Salazar's first book The Moon Within, published last year, was a story about a young Chicana experiencing her first menstruation and her first crush. Her best friend is gender fluid, and they both try to win the friendship of a boy they both like — for different reasons.
Salazar says it wasn't accepted by everyone. "I wouldn't say that the book was outright banned. Nobody crusaded against the book, but it was silently banned at schools and different communities wouldn't promote it, wouldn't have it in their libraries or teach it in their classrooms because menstruation is considered taboo and gender fluidity isn't something they wanted to broach in those settings. So the gatekeepers, the adults, the teachers, the librarians all sort of quietly banned the book and just didn't give it give students access. It's tragic because my book is the first in 50 years to address this in middle grade literature. The last book to address it head on was Judy Blume's Are You There, God? It's Me, Margaret."
Salazar's new book The Land of the Cranes came out earlier this month. In verse, she tells a fictional story of a nine-year old girl whose family is undocumented. Her father gets deported to Mexico, and she and her mother land in an immigration detention center after crossing the border. The girl writes picture poems to her father while she's in the detention center, and sparks a movement.
"I wrote this story during a time when the Trump administration was retaliating against sanctuary cities like Oakland, where I live," says Salazar, who says the book is a call to action. She was born in Mexico and came to the U.S. when she was a baby. She says until she was 12, she lived as an undocumented immigrant, "So when they were rounding up undocumented people, this is the kind of terror that's very reminiscent of the cautiousness and fear of la migra that we had growing up. "
Salazar says she has family members who were deported or placed in immigrant detention centers. "We've had plenty of family members who crossed the border and were never heard from again, so there is a lot of first person experience woven into the story."
Aida Salazar recommends:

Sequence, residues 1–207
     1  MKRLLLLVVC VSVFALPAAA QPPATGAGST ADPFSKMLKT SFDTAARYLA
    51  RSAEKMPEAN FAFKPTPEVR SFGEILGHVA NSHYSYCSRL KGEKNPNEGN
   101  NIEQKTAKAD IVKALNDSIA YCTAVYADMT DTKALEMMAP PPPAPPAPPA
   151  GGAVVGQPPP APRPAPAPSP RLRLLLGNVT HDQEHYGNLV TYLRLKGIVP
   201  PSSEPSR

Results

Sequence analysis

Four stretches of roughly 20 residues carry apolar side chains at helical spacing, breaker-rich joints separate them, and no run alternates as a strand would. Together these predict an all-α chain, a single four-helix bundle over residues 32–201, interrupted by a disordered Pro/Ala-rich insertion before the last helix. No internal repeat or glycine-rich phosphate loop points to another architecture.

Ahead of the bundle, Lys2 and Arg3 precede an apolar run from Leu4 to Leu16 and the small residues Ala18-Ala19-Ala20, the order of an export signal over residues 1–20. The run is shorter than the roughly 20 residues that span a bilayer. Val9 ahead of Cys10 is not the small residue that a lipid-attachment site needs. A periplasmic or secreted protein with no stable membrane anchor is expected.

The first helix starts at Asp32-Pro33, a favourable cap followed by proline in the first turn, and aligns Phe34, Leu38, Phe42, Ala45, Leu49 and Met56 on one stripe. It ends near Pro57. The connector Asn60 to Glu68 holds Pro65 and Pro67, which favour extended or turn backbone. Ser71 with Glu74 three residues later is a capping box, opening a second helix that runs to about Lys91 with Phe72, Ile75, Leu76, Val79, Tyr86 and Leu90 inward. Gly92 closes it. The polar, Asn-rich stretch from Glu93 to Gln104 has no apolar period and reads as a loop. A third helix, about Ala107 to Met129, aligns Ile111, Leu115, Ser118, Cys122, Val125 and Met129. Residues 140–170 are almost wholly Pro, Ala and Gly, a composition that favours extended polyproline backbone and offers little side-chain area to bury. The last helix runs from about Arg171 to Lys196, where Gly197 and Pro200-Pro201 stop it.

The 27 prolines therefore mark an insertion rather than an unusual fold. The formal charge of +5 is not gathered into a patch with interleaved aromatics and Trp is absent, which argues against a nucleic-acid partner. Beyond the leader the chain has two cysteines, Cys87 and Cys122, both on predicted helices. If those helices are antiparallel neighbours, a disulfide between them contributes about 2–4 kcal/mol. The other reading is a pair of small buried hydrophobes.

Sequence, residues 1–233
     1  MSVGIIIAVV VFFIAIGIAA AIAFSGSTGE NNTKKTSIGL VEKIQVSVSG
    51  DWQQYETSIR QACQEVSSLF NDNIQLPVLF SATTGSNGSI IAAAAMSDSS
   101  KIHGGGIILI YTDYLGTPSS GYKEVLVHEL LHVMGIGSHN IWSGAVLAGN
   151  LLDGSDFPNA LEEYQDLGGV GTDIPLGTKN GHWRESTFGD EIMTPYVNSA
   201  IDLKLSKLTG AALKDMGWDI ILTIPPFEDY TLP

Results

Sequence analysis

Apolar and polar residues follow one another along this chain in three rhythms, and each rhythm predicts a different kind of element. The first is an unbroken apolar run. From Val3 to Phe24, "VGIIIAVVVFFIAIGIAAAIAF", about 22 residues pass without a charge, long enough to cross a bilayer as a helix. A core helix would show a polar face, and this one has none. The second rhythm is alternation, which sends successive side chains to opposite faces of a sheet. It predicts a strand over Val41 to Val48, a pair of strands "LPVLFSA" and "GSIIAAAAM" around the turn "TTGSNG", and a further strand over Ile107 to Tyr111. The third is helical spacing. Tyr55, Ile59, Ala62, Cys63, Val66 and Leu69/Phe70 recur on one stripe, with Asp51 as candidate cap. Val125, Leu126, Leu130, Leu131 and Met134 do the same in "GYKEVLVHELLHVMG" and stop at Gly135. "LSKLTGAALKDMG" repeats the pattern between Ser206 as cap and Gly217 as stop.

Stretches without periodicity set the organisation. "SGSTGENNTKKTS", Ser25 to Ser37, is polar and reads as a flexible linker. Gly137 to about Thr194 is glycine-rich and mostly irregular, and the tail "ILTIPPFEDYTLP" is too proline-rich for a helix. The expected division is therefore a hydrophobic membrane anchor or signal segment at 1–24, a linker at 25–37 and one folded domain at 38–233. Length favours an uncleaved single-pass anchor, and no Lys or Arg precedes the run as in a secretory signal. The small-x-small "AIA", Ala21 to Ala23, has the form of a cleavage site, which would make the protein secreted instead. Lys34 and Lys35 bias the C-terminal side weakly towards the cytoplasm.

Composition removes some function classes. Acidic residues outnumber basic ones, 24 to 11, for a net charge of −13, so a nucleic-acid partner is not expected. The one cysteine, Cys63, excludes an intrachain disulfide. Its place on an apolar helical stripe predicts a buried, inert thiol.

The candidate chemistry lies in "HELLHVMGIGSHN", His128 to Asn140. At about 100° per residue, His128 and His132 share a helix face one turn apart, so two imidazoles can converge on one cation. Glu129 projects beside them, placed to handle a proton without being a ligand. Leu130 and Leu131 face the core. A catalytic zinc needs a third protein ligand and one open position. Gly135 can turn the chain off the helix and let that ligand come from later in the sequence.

My Papi Has a Motorcycle, by Isabel Quintero and Zeke Peña (for ages 4 to 8)
Lupe Wong Won't Dance, by Donna Barba Higuera (for ages 8 to 12)
Sia Martinez and the Moonlit Beginning of Everything, by Raquel Vasquez Gilliland (for ages 12 and up)
Illegal, by Francisco X. Stork (for ages 12 and up)
Dignidad Literaria (Literary Dignity) is a grassroots activist campaign launched earlier this year by three Latino writers outraged by American Dirt, Jeanine Cummins' best-selling novel about Mexican immigrants fleeing cartel violence. Backlash against the book began when Chicana writer/artist Myriam Gurba wrote a scathing review of the non-Mexican author's book, citing her "overly ripe Mexican stereotypes." Writer Roberto Lovato got in on the act, creating the hashtag #DignidadLiteraria, a social media crusade for more inclusion of Latinx writers in the publishing industry.
Poet and novelist David Bowles joined Lovato and Gurba in forming the activist group after offering his own critical essay of American Dirt. The Dignidad Literaria movement gathered momentum with writers and activists around the country slamming the publishing industry for ignoring Latino writers. Oprah Winfrey, who had once heralded American Dirt, hosted a public discussion about the controversy. And publisher Flatiron Books cancelled Cummins' book tour. In February, Gurba, Lovato and Bowles met with editors at Flatiron Books and its parent company Macmillan to discuss American Dirt, and the bigger issue, the lack of Latinx representation in the books they acquire and in their editorial staffs.
"We spent two hours having some really, really difficult conversations," recalls Bowles. "By the end of it, I think we had won a good chunk of the people in that room over ... They first conceded that, yes, they did have a problem and that they were going to fix it. "
Bowles says Macmillan now has a diversity and inclusion council, and is working to bring in cultural experts to review their work. "They came up with some really good initiatives for reaching out to under-represented communities," he says. "They have come up with some immediate solutions, but I think of most of them as a stop-gap and a band-aid, because long term, the things that need to be done are going to be painful."
Dignidad Literaria is now working with the Congressional Hispanic Caucus to address the issue. Representative Joaquin Castro and others met with the Association of American Publishers to hold the big publishers accountable, starting with pressuring them to reveal employee demographics.